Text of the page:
Twice a year Gettysburg’s All-Star Sports Complex on Emmitsburg Road hosts the Gettysburg Militaria, Relics, and Book Show, an event that usually is packed with all sorts of interesting Civil War artifacts. As usual, I perused the tables looking for a dealer might have one of the Knights of the Golden Circle membership tickets that so many Confederates wrote about after their invasion of southern Pennsylvania.
For $1, con artists from New York sold these worthless certificates to unsuspecting farmers who were told that the papers and a series of strange hand gestures would notify any Rebel invaders that the farmer was a friend of the Confederacy whose personal property would be protected. Quite the opposite actually occurred, as the Rebels mocked the farmers who performed the hand gesticulations and waved the KGC golden tickets. Their horses were taken with far higher frequency than Unionist neighbors who headed for the hills when Jubal Early’s and J.E.B. Stuart’s Southern soldiers came calling.
For more photos of the Gettysburg relics sale, please continue reading. Click on the pictures to enlarge them for better viewing of the artifacts.
I was a guest of Jim McLean, owner of Butternut and Blue Books in Baltimore. Jim has been in business since 1983 and is one of the most respected and best known Civil War book sellers in the Mid-Atlantic region. I was at one of his tables from 10 until 2 signing copies of my new book, The Louisiana Tigers in the Gettysburg Campaign. Several park rangers from both Gettysburg and Antietam and licensed battlefield guides stopped by to say hello, and it was great to see them again!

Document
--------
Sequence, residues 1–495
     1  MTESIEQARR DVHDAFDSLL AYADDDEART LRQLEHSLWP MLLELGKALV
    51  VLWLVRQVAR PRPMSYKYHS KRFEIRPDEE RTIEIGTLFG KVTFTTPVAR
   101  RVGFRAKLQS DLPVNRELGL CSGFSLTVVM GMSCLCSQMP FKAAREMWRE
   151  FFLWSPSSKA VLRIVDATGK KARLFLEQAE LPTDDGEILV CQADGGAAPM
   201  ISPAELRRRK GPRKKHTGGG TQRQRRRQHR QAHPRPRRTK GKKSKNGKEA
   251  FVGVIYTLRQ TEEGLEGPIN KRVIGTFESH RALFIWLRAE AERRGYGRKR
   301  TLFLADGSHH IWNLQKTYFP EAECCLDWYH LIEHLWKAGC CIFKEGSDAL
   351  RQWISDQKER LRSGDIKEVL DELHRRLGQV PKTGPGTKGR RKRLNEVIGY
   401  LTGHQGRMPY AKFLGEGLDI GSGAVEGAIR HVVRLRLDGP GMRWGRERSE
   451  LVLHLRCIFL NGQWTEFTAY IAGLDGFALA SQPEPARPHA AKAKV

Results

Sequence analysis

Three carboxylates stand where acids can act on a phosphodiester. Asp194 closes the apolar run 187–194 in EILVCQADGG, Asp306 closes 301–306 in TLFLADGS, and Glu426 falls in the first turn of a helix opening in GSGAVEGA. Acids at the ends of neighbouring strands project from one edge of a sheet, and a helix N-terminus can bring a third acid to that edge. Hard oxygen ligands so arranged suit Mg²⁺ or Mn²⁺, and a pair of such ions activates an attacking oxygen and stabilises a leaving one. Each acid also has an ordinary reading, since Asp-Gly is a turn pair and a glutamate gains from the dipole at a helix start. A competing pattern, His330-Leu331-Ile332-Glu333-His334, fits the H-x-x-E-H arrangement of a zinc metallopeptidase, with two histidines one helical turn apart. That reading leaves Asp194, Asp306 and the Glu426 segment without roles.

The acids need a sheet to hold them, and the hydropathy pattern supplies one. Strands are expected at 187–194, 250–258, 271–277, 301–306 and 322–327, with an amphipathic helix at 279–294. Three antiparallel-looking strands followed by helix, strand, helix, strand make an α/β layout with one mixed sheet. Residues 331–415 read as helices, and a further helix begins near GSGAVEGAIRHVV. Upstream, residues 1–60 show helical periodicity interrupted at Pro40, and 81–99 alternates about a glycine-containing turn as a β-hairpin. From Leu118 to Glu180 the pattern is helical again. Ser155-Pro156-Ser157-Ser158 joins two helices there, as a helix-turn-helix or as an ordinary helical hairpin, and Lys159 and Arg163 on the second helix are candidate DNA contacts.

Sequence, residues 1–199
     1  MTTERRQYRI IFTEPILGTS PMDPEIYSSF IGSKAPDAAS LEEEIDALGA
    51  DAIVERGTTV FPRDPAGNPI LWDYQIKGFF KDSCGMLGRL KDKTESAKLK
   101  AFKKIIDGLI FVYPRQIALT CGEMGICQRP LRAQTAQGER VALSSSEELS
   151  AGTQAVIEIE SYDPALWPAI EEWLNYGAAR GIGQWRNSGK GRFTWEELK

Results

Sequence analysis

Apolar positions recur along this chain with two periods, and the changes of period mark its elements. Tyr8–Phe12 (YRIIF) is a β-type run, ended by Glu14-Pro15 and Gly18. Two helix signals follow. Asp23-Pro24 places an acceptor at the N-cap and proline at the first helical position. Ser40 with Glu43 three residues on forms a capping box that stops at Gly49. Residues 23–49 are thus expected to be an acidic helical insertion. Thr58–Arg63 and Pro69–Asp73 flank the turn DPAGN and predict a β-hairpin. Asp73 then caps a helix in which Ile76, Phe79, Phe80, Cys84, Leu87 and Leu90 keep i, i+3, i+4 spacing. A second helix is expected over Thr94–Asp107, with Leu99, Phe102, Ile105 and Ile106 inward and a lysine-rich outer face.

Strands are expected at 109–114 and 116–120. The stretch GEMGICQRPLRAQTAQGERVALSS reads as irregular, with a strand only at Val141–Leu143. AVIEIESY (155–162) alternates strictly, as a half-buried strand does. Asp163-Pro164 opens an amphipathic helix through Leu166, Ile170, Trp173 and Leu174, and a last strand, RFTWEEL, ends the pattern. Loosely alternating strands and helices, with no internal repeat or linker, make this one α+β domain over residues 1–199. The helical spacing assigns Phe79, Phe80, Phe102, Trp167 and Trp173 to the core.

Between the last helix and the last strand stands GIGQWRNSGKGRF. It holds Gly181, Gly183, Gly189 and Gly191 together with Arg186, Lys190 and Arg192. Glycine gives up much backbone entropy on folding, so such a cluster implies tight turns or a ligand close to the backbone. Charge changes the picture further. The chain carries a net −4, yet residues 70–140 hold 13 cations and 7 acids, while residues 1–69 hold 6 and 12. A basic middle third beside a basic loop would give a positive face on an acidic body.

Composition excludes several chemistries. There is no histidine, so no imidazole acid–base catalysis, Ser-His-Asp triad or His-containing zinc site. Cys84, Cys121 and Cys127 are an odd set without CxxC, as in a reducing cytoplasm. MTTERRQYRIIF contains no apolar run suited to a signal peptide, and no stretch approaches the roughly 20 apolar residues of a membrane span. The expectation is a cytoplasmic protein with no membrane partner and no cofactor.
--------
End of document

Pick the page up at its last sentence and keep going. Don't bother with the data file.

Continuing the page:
The Collectors Showcase – CS00293 Wheat’s Tigers Advancing Set
Jim is a leading dealer of 54mm Civil War collectible toy soldiers, and he had some gorgeous figures for sale of the Iron Brigade, the Louisiana Tigers, and other famous regiments. He also had quite a collection of 54mm World War II soldiers as well.
The Collectors Showcase – CS00294 ACW Wheat’s Tigers Command Set
By the way, Jim is collecting information on the 14th Brooklyn (84th New York State Militia), the “red-legged devils” who were heavily engaged on Day 1 of the Battle of Gettysburg. Jim was telling me of an old account in the National Tribune of a group of Louisiana Tigers who attacked several Brooklyners who were defending a Union field hospital in the old Washington Hotel. I had not heard of that account before, but to my knowledge no formed regiment of Tigers went that far west on July 1. Scattered patrols might easily have did so, however.
At one time years ago, the show was only a Civil War-focused event, but over time other military periods were included. As you can see from the above photo, it is a “duke’s mixture” of relics from all sorts of time periods. I saw dealers selling American Revolution memorabilia such as pine tree shillings and paper money all the way to more modern artifacts.
Naturally, Civil War and World War II dealers dominated the dealer community. I spoke with several of the ACW vendors hoping to find my elusive con artist KGC ticket but, as with every militaria show I have ever attended, none was forthcoming and I came home empty handed again.